May 21

Neandertal and Neandertalers

We took a walk through nature today, through the beautiful Neandertal, which is located in Mettmann, about 20 minutes from Velbert.

What is the Neandertal and what does it have to do with Neandertalers? Well… Wikipedia can describe it better then me, so allow me to copy and paste 😉

The Neandertal (English pronunciation: /ˌnˈændərˌtɑːl/; German: [neˈandɐtaːl]) (sometimes called “the Neander Valley” in English) is a small valley of the river Düssel in the German state of North Rhine-Westphalia, located about 12 km (7.5 mi) east of Düsseldorf, the capital city of North Rhine-Westphalia. The valley lies within the limits of the towns of Erkrath and Mettmann. In August, 1856, the area became famous for the discovery of Neanderthal 1, the first specimen of Homo neanderthalensis to be found.

The Neandertal was originally a limestone canyon widely known for its rugged scenery, waterfalls and caves. However, industrial mining during the 19th and 20th centuries removed almost all of the limestone and dramatically changed the shape of the valley. It was during such a mining operation that the bones of the original Neanderthal man were found in a cave. Neither the cave nor the cliff in which the bones were located still exists.

During the 19th century the valley was called Neandershöhle (Neander’s Hollow), and, after 1850, Neanderthal. It was named after Joachim Neander, a 17th-century German pastor. Neander is the Greek translation of his family name Neumann; both names mean “new man.” Neumann lived in nearby Düsseldorf and loved the valley for giving him the inspiration for his compositions. Former names of the gorge were Das Gesteins (The Boulders) and Das Hundsklipp (Cliff of dogs, perhaps in the sense of “Cliff of Beasts”).

In 1901 an orthographic reform in Germany changed the spelling of Thal (valley) to Tal. Scientific names, such as Homo neanderthalensis and Homo sapiens neanderthalensis for Neanderthal remained unchanged, because the laws of taxonomy retain the original spelling at the time of naming. Neanderthal station nearby still carries the name Neanderthal, because the nearby Neanderthal Museum retains the original spelling.[1]

Excavations in the Neandertal Valley Since the initial discovery of the specimen of the valley there have been additional excavations. Multiple artifacts and human skeletal fragments have been found in the valley. Excavations have found two cranial fragments that seem to fit onto the original Neandertal 1 calotte. A calotte is a skullcap worn by students at Catholic universities in Belgium. Excavations performed in 1997 and 2000 found new human skeletal pieces. There are questions as to whether these remains are those of Neandertals. Two cranial pieces were unearthed: one, a left zygomatic and partial body and second, a right piece of temporal bone. These pieces appeared to fit the Neandertal 1 calotte perfectly, although these pieces are not specifically from Neandertals. These discoveries may or may not be attributable to the Neandertals but exhibit similar characteristics.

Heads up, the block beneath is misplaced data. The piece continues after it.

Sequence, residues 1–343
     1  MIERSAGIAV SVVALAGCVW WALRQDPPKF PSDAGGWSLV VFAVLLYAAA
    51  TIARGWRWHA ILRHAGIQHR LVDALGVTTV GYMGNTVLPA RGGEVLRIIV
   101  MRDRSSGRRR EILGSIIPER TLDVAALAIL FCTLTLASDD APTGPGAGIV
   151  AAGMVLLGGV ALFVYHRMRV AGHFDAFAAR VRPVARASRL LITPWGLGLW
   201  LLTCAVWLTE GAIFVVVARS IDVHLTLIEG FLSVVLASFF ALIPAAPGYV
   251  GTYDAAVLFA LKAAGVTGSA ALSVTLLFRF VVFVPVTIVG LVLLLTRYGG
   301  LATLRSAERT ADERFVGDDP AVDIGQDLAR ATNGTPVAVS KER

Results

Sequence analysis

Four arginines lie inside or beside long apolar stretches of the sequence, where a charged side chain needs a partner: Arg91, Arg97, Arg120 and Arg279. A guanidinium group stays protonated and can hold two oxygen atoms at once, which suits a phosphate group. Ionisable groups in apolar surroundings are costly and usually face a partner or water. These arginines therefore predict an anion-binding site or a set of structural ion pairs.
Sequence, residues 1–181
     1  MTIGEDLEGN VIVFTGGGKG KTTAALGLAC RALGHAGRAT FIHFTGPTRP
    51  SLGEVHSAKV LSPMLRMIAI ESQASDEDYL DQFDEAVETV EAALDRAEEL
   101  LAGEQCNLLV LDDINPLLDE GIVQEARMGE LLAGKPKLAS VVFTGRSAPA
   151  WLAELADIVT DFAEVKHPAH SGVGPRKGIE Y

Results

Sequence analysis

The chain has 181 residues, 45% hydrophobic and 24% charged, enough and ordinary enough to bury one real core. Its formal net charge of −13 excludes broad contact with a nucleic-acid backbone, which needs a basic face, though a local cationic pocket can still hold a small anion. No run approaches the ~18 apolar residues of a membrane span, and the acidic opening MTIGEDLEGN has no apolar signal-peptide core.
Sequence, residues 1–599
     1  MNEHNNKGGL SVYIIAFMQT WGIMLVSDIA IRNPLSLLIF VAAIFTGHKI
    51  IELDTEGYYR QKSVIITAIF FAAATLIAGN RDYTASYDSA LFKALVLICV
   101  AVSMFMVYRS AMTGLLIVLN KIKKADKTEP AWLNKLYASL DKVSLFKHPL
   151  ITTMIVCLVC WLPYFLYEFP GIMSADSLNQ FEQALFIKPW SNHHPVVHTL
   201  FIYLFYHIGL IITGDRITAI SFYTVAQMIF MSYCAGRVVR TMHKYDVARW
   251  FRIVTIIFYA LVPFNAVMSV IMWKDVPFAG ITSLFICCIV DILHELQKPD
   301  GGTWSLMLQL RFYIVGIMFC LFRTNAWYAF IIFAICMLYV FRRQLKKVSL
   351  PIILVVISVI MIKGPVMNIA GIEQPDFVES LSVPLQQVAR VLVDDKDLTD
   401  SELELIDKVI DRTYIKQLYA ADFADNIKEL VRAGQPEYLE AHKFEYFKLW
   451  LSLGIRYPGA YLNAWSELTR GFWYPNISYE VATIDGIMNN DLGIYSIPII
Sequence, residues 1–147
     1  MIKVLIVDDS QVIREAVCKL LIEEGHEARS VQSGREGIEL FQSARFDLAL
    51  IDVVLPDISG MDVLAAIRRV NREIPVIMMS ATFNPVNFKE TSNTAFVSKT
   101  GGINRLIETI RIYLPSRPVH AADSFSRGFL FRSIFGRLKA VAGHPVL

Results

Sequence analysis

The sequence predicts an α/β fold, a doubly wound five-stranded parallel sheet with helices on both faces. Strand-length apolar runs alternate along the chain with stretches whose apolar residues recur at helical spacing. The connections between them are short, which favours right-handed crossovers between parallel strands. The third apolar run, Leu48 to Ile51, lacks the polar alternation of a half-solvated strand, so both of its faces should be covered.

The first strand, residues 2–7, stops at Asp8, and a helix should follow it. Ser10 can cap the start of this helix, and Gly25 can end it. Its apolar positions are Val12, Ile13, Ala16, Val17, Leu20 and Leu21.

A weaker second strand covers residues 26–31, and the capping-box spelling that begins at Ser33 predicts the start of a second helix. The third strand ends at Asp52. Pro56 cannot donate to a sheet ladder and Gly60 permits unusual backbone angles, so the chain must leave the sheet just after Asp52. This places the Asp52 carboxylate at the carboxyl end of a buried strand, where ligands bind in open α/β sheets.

2016-05-21 14.05.29Difficult to see on the photo, but there’s “Seele” (soul) written on the question mark scupture.

2016-05-21 14.06.112016-05-21 14.06.48-1
The river “Düssel”. Not exactly the Rhine ;-). By the way: the city of Düsseldorf takes its name from that little river. Düsseldorf means: the village of Düssel.

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We took a one hour walk, then had a bite to eat before heading to Mülheim to see two movies. First one was A Hologram For The King, starring Tom Hanks. Nice enough movie for a Saturday afternoon. Didn’t hurt, but won’t make any deeper impact.

Second movie was X-Men: Apokalypse. Gotta say I was never that much into the X-Men franchise and haven’t followed it enough to be totally familiar with what it is about and all the mutants. Only started watching them with the latest installments with James McAvoy as Professor X. I never really “got”, why these newer movies all played in the past where the characters were younger. Only read an article about it the other day which explains the whole thing. Basically it works with X-Men like it works with Star Wars. There were originally three Star Wars movies back in the day, and then someone began to tell the story of what happened before the very first Star Wars – in three chapters. (Correct me, Star Wars nerds, if I’m wrong). And now it’s the same with X-Men. The three pequels started with X-Men: Fist Class in 2011, followed by X-Men: Days Of Future and Past and now ends (?) with X-Men: Apokalypse.

I was fine with these movies, but not in a way that would make me a fan-girl. And about Apokalypse… I dunno. It was okay to me, although I thought that the oh-so-mighty super mutant was a tad bit lame in the end? It seems that many of the X-Men nerds are only semi-happy with this latest movie.



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